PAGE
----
How ODA funding benefits the UK’s higher education sector
The Newton Fund and Global Challenges Research Fund (GCRF) form part of the UK’s Official Development Assistance (sometimes known as UK Aid). These funds have not been around long (2014/15) but they’ve already had far reaching impact.
ODA promotes economic development and welfare in developing countries. But the benefits can also be found closer to home. UK universities receive ODA to fund new research and innovation with international partners to tackle development challenges. At Universities UK international we are eager to find out more and quantify these benefits.
In August 2020 we conducted a pilot survey of the impact that ODA funding (in particular the Newton Fund and GCRF) had on the UK higher education sector. Universities told us why these programmes are beneficial and why they should continue beyond 2021.
Perhaps unsurprisingly, we found that the funded projects focus on contributing to global challenges, including the sustainable development goals. Projects use the principle of co-creation and equitable partnership with partners based in developing countries. They are helping to:
- solve prevalent medical needs (including rapid response to the Covid-19 pandemic)
- address displacement issues due to conflict or natural disaster (e.g. University of East Anglia working with partners in India, Colombia, Guatemala and Ecuador)
- safeguard cultural heritage (e.g. Durham University working with partners in Nepal)
- develop local clean energy solutions (e.g. Brunel University London working with partners in India)
- clean our oceans (e.g. Strathclyde University working with 22 partners across Africa and the Pacific Islands)
This is to name but a few examples.
We also found that the funds have led to benefits for the UK’s higher education sector. They help the UK to be a ‘research partner of choice’ with leading universities internationally. This means universities in emerging economies look to partner with the UK first. They also help the UK to be recognised as a global leader in addressing specific challenges such as clean water and renewable energy. They have led to an increase in the number of co-authored publications in major international peer-reviewed journals. This makes UK research more globally prominent.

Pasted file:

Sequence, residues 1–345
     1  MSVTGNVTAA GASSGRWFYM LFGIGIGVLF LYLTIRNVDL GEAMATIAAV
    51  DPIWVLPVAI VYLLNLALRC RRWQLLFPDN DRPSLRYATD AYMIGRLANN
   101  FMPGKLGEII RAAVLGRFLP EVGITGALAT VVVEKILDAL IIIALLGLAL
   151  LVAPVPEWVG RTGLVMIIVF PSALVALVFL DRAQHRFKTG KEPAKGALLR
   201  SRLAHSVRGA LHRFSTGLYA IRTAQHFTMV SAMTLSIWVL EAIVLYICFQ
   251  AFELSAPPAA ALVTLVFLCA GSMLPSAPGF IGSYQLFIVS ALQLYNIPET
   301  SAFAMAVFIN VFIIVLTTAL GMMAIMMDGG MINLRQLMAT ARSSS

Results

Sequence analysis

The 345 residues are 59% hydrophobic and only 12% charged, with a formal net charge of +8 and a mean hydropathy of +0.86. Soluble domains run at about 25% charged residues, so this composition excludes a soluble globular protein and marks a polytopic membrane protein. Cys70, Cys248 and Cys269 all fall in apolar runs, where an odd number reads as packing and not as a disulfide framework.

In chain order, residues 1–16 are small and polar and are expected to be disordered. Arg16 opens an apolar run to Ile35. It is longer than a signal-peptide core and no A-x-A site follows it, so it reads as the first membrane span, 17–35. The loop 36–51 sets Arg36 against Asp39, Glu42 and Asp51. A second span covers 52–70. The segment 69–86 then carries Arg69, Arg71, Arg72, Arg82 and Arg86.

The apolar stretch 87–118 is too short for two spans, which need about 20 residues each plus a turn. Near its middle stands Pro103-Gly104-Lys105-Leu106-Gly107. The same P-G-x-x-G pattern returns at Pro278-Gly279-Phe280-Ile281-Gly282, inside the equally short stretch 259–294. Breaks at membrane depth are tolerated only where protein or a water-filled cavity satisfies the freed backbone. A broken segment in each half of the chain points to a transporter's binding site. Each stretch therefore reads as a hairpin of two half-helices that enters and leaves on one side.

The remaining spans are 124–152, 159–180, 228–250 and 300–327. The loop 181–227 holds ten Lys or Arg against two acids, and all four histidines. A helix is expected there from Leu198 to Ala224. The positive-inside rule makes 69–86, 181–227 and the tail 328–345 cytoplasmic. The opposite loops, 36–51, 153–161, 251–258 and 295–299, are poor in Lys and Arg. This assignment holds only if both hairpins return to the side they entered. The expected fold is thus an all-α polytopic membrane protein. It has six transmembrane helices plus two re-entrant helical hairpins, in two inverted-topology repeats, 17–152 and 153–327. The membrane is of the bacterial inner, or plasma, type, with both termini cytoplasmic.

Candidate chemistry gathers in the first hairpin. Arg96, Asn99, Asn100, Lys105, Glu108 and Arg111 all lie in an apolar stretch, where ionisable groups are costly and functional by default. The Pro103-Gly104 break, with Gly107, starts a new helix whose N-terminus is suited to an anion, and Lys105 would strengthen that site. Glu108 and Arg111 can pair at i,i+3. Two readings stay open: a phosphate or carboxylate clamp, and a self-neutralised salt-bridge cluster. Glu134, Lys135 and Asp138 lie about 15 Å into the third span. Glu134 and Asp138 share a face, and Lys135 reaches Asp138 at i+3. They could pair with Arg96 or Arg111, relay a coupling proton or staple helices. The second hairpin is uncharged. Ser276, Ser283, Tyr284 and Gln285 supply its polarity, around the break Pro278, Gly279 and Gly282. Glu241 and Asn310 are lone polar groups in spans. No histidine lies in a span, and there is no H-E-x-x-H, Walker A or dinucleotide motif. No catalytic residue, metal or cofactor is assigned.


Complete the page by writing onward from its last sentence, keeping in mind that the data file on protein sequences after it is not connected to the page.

These projects have also led to joint developments with UK industry. For example, University of Leicester’s face mask sampling technology to detect TB infection in Africa has been adapted to detect infections of Covid-19 in the UK.
UK researchers are delivering cutting-edge research that transcends disciplines. Their universities have established cross-disciplinary research institutes and centres with global reach. Strategies have been studded with the principles of international development. They have established partnerships with key organisations in developing countries. These are systemic changes within the higher education sector.
But there is scope for improvement. Survey respondents told us that ODA funding programmes are too complex. More work must be done on the key principle of equitable partnerships. And the funds need to align more with research processes in the Global South to truly realise equity.
Maintaining a full gamut of supporting activities and opportunities is crucial for a successful research and innovation system aimed at international development. That means agile funding streams (including GCRF Quality Related/institutional awards), workshops, capacity building, networking and large-scale research projects.
Universities in the UK are committed. They want to be at the forefront of global development and see their programmes reach their full potential for impact.
By Dajana Dzanovic, Head of Strategic Partnerships at Universities UK International
Twitter: @UUKIntl, @dajdz